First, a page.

The days where the Lakers could vastly rely on their poker chips to build championship contending teams will become a distant memory this offseason.
The Lakers can offer Dwight Howard the most money of any NBA team, a five-year deal worth $118 million as opposed to a four-year deal worth $87.6 million for everyone else. But that may not convince Howard he would look best in purple and gold once he becomes an unrestricted free agent today at 9 p.m.
The Lakers have a 25-year, $5 billion deal with Time Warner Cable that paid the team around $120 million in the first year, a partnership Lakers president Jeanie Buss said "exceeded beyond our wildest expectations." That lucrative contract, however, won't convince the Lakers to go on a shopping spree this offseason for reasons beyond giving the NBA about $50 million of those earnings in revenue sharing.
More punitive luxury taxes for high-spending teams will kick in during the 2014 offseason when a crop of superstars such as LeBron James, Carmelo Anthony, Paul George and John Wall enter the free-agent market. That's why the Lakers have echoed the need to keep "financial flexibility." "There are teams that have tried to buy championships, but it doesn't work that way," Buss said recently at a Time Warner Cable Media sponsored event.
"It's not always about the team with the highest payroll."
The Lakers discovered this past season that money doesn't always buy happiness. They shelled out nearly $100 million in player salaries and $29.6 million in luxury taxes after acquiring Howard from Orlando, Steve Nash from Phoenix and keeping Kobe Bryant, Pau Gasol and Metta World Peace.
A swift coaching change from Mike Brown to Mike D'Antoni, overlapping injuries and competing coach and player agendas contributed to the Lakers losing in a first-round playoff sweep to the San Antonio Spurs. If the Lakers maintained a similar payroll next season, they would owe about $78.2 million in additional taxes. For the 2014-15 season, that figure would climb to $85 million because of the so-called "repeater tax."
What happens if Howard ignores the billboards the Lakers put up around Los Angeles pleading him to stay?
"Whether Dwight's here or he's not, what we can do to improve the team remains the same," Lakers general manager Mitch Kupchak said. "It's not like if one player is not here, we have more resources in having that money to sign another player."
Should Howard walk away without the
$20.5 million the Lakers would owe him next season, they still would approach a $79.6 million payroll. Larry Coon, an independent NBA salary cap expert who works as an IT director at UC Irvine, estimated the league will set this year's tax threshold at around $71.5 million.
Any team that spends above that apron can't land any free agent via sign-and-trade, giving the Lakers no shot to grab Chris Paul, Monta Ellis, Josh Smith or Andre Iguodala. Such high-spending teams next season can't acquire players under contract through a sign-and-trade. Luxury-tax penalty teams also will have a smaller mid-level exception in both years (three instead of four) and salary ($3 million instead of $5 million).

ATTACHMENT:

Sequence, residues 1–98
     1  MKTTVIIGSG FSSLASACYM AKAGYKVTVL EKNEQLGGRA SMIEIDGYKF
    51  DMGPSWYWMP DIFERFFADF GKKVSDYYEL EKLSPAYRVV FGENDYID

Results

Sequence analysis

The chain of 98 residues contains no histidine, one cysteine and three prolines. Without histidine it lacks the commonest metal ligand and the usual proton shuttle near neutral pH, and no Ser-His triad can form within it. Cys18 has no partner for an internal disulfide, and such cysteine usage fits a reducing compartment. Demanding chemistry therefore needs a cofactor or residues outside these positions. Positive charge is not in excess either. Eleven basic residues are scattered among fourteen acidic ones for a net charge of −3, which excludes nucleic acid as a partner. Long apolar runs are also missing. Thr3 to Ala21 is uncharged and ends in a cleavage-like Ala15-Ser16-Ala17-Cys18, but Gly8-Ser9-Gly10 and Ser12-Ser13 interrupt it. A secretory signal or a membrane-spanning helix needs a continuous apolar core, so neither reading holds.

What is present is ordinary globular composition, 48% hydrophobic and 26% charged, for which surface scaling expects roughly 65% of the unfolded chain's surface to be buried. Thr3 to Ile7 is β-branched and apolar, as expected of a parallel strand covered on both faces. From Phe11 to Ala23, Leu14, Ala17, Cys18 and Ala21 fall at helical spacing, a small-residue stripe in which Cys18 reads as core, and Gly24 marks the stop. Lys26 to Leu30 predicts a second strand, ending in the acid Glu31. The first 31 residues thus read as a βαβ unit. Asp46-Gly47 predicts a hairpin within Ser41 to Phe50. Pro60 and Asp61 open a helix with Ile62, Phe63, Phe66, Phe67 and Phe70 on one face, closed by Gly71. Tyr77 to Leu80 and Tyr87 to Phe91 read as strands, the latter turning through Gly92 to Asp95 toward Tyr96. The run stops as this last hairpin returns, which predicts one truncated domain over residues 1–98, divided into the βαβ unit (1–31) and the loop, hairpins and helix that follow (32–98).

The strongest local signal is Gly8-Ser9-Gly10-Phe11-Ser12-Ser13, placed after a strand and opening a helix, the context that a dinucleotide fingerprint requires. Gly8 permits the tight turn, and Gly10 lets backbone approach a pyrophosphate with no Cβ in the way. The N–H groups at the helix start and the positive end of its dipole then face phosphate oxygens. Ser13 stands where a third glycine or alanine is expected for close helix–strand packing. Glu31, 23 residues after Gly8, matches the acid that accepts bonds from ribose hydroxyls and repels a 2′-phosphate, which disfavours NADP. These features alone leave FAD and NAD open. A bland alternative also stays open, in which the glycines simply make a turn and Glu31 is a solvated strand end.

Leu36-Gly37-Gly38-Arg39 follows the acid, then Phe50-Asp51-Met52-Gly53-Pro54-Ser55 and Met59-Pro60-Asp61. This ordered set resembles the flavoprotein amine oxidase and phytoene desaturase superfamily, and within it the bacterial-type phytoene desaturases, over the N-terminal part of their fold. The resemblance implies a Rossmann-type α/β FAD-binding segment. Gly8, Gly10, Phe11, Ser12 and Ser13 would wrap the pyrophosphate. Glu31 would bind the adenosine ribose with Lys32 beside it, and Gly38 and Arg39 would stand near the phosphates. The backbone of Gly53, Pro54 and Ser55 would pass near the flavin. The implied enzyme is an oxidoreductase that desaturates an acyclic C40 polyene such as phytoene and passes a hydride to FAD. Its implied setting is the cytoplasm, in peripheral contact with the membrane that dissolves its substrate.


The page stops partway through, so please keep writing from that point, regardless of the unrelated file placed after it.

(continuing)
"The worst position you can be in this league is to have multi-year contracts that are big numbers on players who are just OK players," Kupchak said. "It insures you're in the middle of the pack and have no way to move up."
The Lakers vow not to fall into that trap.
Only Nash remains under contract beyond next season for $9.7 million. Even if Howard returns and Bryant plays beyond next season, the Lakers would have enough cap space in 2014 to sign a max-contract player.
On Saturday, the Lakers waived backup guard Chris Duhon, who will receive only $1.5 million of the $3.75 million he would have earned this season.
The Lakers also can use the amnesty provision sometime between July 10-16 to waive either Bryant, Gasol, World Peace or Steve Blake. Pencil Bryant out even if Coon estimated the Lakers would save $55 million in luxury taxes and fall under the apron. The Lakers would experience a public relations nightmare. They also estimate Bryant will return from a left torn Achilles tendon sometime next season.
The amount the Lakers would save in luxury taxes by waiving Gasol ($40 million), World Peace ($30 million) or Blake ($15 million) still wouldn't bring them under the luxury tax threshold. Even if the Lakers use this tool, they can only sign a player at the mini mid-level exception at $3.2 million or at the veteran's minimum at $1.4 million.
"If it's a younger player, he's probably not going to take the veteran's minimum," Kupchak said. "If he does, he's probably not good enough to play.
"As much as I'd like to sit here and say we're going to get young, athletic players that can really shoot the ball at the veteran's minimum when they're 20to 25 years old, that's probably not realistic."
Indeed, the Lakers will encounter plenty of spending restrictions this offseason. They also face uncertainty without the late owner Jerry Buss.
The Lakers still maintain they will find a way.
"As much as they try to make things more fair, they can never take away what the Lakers have with our history, experience and our brainpower in our front office," Jeanie Buss said. "We'll always have an advantage."